YA Wednesday: Not Just for Teens
More YA books challenged...
In Illinois, parents tried to get Sherman Alexie's Absolutely True Diary of a Part-Time Indian pulled from the required summer reading list at Antioch Community High School. From a parent: "If there were just swear words, I could deal with that. But sections of this book are just vulgar." (Daily Herald)
Would Lord of the Flies and Hamlet and American Psycho and The Hunger Games get slapped with one that reads VIOLENCE INSIDE? For that matter, would American Psycho get the SEX sticker, too? Jeepers. Some books would be so plastered with stickers that we wouldn't be able to see the cover art anymore. Who would decide how much 'offensive' content was enough to warrant a label? ETC. [Moments later: Actually, I may have to reconsider my previous opinion. Because a CAUTION: DOG DEATH sticker would come in way handy in some cases. Or maybe something a little more broad, like DANGER: MAY CAUSE UNCONTROLLABLE SOBBING.]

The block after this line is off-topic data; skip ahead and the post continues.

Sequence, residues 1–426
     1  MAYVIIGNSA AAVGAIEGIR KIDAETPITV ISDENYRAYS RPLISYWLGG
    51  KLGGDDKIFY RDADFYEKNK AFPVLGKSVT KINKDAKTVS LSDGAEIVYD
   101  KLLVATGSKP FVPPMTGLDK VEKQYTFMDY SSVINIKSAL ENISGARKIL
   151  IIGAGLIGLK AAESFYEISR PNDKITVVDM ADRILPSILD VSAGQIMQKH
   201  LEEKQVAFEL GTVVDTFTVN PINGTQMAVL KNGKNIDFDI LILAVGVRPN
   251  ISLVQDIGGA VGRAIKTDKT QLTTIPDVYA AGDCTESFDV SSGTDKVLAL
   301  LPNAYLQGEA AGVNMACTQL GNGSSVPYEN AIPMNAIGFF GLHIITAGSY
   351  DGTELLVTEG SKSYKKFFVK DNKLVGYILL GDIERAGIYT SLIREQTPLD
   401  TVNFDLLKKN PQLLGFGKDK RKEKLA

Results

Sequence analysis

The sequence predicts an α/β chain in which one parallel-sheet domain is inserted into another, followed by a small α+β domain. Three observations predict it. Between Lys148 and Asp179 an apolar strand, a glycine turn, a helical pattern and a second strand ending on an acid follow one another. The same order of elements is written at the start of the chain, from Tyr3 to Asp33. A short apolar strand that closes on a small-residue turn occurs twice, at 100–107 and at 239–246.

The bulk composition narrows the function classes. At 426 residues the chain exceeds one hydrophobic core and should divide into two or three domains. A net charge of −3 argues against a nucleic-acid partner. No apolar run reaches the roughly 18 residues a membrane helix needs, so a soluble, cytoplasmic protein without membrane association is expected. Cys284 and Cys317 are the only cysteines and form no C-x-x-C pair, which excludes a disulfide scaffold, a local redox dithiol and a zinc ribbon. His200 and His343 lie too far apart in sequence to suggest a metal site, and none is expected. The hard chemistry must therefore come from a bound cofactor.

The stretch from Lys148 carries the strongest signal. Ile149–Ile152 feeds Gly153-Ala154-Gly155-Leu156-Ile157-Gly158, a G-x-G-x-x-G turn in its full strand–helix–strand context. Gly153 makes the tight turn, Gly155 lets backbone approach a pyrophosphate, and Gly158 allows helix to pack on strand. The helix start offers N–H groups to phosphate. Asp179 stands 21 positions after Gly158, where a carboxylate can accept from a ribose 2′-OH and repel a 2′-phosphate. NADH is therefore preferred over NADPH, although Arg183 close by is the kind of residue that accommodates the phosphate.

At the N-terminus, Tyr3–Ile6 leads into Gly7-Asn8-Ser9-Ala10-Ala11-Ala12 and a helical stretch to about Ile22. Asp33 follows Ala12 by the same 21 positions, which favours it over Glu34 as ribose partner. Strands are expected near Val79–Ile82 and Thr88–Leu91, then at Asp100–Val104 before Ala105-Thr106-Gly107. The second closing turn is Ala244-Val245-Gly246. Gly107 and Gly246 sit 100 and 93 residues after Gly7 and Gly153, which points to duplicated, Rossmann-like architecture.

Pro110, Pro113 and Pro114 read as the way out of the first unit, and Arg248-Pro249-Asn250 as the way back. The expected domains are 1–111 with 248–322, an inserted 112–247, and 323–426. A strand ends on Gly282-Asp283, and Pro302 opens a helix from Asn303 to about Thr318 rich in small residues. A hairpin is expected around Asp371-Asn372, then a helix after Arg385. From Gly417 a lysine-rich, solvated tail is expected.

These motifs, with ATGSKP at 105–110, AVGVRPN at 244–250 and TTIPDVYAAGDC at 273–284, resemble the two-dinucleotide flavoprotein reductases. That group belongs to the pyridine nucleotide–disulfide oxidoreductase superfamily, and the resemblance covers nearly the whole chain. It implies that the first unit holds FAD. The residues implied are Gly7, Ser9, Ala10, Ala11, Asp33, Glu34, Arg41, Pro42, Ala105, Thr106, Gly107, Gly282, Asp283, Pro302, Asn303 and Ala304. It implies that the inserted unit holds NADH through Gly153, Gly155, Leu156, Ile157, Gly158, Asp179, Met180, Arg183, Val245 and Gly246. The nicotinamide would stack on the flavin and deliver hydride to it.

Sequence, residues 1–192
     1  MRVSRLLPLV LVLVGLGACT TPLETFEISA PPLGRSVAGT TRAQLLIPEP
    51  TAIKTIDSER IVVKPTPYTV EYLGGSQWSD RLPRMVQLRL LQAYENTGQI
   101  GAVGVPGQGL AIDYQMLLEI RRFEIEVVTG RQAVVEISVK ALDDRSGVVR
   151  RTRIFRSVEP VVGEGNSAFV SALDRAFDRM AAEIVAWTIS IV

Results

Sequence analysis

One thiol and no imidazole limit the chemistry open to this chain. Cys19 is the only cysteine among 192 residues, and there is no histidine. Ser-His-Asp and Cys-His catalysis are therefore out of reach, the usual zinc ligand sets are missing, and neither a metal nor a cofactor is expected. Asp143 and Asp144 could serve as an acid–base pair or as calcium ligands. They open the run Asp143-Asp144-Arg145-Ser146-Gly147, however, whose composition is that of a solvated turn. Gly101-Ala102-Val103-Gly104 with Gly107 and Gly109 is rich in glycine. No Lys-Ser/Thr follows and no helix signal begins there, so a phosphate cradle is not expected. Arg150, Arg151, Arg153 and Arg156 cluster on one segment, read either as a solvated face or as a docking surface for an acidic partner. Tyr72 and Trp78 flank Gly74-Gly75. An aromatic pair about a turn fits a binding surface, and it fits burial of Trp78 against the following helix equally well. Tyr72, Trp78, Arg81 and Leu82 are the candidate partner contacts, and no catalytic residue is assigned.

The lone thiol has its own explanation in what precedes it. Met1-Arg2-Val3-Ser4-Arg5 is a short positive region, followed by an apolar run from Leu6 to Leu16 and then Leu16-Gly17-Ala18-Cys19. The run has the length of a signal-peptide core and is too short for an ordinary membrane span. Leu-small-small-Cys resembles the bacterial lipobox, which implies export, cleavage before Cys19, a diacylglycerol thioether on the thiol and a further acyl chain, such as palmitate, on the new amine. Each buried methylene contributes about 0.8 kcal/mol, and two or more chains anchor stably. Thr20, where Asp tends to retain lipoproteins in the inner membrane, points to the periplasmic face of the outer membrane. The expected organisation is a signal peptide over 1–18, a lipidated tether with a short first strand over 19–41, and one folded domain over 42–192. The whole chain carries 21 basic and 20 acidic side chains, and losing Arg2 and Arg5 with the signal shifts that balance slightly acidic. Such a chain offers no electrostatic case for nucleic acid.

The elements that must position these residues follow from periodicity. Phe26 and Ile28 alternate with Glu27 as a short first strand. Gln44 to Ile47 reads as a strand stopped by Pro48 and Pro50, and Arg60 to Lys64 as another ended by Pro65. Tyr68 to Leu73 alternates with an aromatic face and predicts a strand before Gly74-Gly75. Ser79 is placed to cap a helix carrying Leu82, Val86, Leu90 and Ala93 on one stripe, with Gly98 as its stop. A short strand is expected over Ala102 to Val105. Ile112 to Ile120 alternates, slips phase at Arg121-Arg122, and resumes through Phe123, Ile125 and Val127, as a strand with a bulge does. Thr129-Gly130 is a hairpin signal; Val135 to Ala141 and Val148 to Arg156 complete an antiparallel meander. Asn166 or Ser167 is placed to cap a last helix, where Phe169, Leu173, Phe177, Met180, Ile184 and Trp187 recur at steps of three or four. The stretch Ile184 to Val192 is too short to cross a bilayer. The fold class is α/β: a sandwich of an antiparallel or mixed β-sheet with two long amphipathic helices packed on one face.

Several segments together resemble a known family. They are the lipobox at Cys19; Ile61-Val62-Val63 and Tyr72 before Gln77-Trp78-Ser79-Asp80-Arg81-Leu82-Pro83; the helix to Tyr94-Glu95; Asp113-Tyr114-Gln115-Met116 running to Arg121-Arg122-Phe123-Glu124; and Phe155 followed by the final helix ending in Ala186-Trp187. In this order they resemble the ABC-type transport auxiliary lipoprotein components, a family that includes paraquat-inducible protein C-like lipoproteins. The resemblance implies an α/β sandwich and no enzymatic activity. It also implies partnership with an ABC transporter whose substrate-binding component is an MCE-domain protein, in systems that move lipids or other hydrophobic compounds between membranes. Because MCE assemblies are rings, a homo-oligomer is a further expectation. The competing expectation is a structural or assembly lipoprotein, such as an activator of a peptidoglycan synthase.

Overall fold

Who's really reading YA?
Joanne at Tomorrow Museum speculates that YA books sales are up because teens enjoy the immersive and solitary experience of reading.
Paul at Futurismic redirects:
This is a mantra we heard over and over again during the massive YA genre fiction circle-jerk last year, and it’s always backed with the unvoiced assumption that only Young Adults read YA. I’ve worked in a library, and I can assure you that’s an observable falsehood; most genuinely popular YA is successful precisely because so many adult readers with an expendable income enjoy the same titles.(via Read Roger)
The New York Times reports on the growing disconnect between teenagers and Holden Caulfield:
Teachers say young readers just don’t like Holden as much as they used to. What once seemed like courageous truth-telling now strikes many of them as “weird,” “whiny” and “immature.”John Green responds: "It's not Holden's fault if people read him poorly."